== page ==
When plants suffer heat stress, the effects are far-reaching Reply

By Vasilis Ragousis

Andrea Leigh

Plant ecologist Dr Andrea Leigh’s current research focuses on how plants operate and survive in extreme high temperatures. Image courtesy UTS

The debate about climate change has been going on for years, but the fact is that temperatures are rising. The September of 2013 went on record as the hottest on record, surpassing the previous record of 1983 by more than a full degree. As the temperature keeps climbing, Australia’s plants and crops are facing increasing dangers.

Dr Andrea Leigh, a plant ecologist in the School of the Environment at the University of Technology, Sydney, is interested in arid environments. Her current research is on how leaves operate and survive in extreme high temperatures. In addition, she is the head of a Leaf Temperature Working Group funded by the ARC-NZ Network for Vegetation Function, with the aim of researching the impacts of small-scale microclimatic changes on leaf thermal dynamics.

She spoke at a public lecture on the impact of rising temperatures on human health and the environment at UTS on May 12.

“High temperature extremes are predicted to increase in both intensity and frequency in the future. I am interested in learning how and which plants will survive these increased extremes,” she says.

According to Dr Leigh, the impacts of extreme heat rises are already here. In the Pacific islands, entire populations are being forced to relocate to the mainland as their homes are swallowed by the water while extreme phenomena such as fires and cyclones are becoming more frequent.

“I think the problem is we don’t care so much if species go extinct as long as we can keep eating. Everyone is really sick of seeing a polar bear perched on top of an ice cap.” She says extreme temperatures could mean food and crop shortages but the more immediate threats would disastrous events such as fires and storms. Dr Leigh’s research is focusing on the stress plants suffer from droughts and nutrient deficiency.

“We’ve been focusing on drought stress; nutrients stress is another concern. Most of the soil in Australia is really nutrient poor and so Australian plants have to deal with acute nutrient stress.”

Such impacts can create major problems for farmers and food production. In addition, if plants start dying from the effects of the increased heat, it would harm the local wildlife.

“If you want to look at the grazing industry, for example, and the biodiversity in a grazed landscape – it is much more diverse than biodiversity in a cropped landscape. And I believe it is really important to understand how those landscapes will respond and whether some plants will dominate more… or less. The results so far show us that there are a couple of plants that have thermo-tolerance through the roof, and they are already showing signs of dominating in lots of parts of Australia.”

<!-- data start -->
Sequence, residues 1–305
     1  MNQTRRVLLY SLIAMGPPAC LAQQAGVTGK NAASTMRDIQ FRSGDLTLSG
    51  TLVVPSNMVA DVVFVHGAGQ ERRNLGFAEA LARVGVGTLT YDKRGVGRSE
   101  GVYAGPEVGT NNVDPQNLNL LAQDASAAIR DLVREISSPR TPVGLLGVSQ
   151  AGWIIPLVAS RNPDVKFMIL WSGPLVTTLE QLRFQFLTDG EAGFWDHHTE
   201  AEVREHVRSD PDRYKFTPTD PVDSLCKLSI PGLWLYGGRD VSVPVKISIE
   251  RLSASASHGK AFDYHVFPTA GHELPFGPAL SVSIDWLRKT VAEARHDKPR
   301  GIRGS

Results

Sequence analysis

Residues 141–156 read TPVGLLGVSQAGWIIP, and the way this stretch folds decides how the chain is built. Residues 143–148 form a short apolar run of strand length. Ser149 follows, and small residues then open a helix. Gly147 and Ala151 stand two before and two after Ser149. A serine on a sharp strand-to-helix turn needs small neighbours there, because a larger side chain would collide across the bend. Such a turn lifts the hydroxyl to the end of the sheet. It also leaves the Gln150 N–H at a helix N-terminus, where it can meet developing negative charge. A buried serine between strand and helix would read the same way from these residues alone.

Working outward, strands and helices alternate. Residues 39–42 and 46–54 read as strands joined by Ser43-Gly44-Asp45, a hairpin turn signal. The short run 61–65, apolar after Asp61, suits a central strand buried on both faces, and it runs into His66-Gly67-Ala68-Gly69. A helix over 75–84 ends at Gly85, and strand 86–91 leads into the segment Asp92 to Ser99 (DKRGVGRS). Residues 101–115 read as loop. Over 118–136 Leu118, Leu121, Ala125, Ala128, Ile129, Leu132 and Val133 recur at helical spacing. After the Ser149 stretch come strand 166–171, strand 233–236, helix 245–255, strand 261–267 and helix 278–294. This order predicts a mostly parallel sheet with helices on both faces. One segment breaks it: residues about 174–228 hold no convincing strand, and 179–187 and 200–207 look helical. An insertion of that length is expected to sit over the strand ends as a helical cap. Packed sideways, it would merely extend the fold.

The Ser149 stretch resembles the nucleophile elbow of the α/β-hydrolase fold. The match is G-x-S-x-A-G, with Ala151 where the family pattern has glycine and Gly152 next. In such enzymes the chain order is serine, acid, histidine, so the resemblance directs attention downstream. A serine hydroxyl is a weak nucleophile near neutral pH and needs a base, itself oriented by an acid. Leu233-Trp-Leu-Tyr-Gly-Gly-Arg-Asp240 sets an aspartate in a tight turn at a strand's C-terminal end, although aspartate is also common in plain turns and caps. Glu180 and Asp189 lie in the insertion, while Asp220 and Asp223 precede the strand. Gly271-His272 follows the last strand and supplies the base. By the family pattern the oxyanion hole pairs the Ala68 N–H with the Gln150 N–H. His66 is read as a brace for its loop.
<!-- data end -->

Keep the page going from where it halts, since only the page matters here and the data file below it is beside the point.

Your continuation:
Dr Leigh says one example is would be the Spinifex, which is able to survive in temperatures as high as 51 degrees. Spinifex is one of those plants that survives bushfires but another factor is its ability to withstand a drought alongside a heatwave, something that would kill most plants.

“We want to know what the species’ composition is going to be like, because in effect if it wasn’t for the plants and the diverse plant community, the animal community wouldn’t exist. Humans wouldn’t exist. You know, there’s sort of this massive flow and effect.”

Dr Leigh believes that in order to understand better what plants will survive, there needs to be more funding on researching the tolerance levels of plants in extreme heats.  “There’s not enough work in thermo-tolerance being done. What has just started picking up globally is thermo-tolerance of plants in the crop area.”

However, Dr Leigh is more interested in the native communities and the diversity of responses; her research has shown that there are many thresholds for different plants instead of only one across the year as was previously believed to be the case.

The grim news is that Dr Leigh thinks it might be too late to avoid the short term effects of the heat.   “We need to be tougher on carbon emissions – it’s just a no brainer. The momentum is such that even if we halt carbon emissions now, there will be a massive lag and they will go on increasing.”

But there is some good news. The thermo-tolerance threshold of plants will be able to rise in order to meet the rising heat.

“Plants, like us, acclimatise through the year. Adaptation is different to acclimatisation. It happens on a slower rate, through years and generations. Acclimatisation is much faster, happening in minutes, hours, days or weeks. The systems are very resilient and in the long term they will bounce back up. Thermo-tolerance thresholds can shift.”


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